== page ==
As described herein, rotation of the shear display device 100a about the Z-axis can direct the controlled object to perform certain function. For example the controlled object can be directed to rotate. In response to such rotation the controlled object can experience torque applied by its environment. Hence, providing shear feedback can inform the user about the amount of torque experienced by or the orientation or relative movement of the controlled object. Moreover, the information about the torque experienced by the controlled object also can be displayed by a combined skin shear and force feedback.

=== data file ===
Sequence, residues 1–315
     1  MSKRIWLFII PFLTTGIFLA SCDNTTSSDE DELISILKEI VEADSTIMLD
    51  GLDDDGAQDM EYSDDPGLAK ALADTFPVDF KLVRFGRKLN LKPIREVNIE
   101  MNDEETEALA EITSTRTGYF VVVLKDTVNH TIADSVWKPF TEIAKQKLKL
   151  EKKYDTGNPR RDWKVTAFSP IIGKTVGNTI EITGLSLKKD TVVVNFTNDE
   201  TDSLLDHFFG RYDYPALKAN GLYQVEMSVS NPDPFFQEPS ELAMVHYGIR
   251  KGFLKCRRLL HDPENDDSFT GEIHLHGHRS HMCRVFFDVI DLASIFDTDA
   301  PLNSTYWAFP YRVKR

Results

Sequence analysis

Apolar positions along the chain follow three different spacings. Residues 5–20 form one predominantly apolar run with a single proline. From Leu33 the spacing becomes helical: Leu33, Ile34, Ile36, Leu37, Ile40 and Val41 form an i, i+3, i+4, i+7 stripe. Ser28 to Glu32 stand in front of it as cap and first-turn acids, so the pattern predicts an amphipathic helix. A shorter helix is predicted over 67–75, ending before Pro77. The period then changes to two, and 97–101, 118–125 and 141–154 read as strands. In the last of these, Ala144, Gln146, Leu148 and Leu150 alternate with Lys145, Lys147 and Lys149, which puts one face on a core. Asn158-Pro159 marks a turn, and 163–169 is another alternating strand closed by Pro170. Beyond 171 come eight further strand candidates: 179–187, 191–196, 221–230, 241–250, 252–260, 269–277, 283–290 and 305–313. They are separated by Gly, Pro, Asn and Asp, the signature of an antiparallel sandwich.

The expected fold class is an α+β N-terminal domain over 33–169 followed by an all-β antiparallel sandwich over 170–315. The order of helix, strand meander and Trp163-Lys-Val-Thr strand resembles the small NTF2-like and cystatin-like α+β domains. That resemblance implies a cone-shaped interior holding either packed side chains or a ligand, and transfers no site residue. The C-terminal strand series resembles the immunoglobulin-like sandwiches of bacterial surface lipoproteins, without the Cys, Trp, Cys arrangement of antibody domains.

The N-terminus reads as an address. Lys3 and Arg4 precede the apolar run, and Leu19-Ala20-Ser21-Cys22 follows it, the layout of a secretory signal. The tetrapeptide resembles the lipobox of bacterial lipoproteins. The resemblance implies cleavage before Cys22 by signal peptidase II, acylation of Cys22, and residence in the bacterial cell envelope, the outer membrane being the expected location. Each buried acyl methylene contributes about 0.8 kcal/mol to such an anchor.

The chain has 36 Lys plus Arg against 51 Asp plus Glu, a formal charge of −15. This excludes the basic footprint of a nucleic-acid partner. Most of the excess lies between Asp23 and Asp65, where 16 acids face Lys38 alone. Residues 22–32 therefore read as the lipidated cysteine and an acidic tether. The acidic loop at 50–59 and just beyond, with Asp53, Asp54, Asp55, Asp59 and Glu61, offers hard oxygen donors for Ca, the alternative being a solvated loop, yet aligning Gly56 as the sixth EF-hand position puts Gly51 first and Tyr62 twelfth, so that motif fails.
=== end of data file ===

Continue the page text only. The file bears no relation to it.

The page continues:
In some embodiments, the control system 300 can be configured to partially restrict the user's ability to move the shear display device in three- or six-dimensional space. In other words, the force feedback device 310 can apply force to prevent the user's movements of the shear display device in one or more directions and/or prevent rotations about one or more axes. For example, the control system 200a may restrict all linear movement of the shear display device and can restrict rotation about X-, Y- or Z-axes. Hence, for instance, the shear display device can be allowed to rotate only about the Z-axis. In other words, the force/torque feedback device 310 can provide resistance to movement of the shear display device in a manner that would effectively constrain the movements of the shear display device to a predetermined plane, surface, or three-dimensional surface or area (e.g., allowing movements only on the surface or on one side of the plane or surface).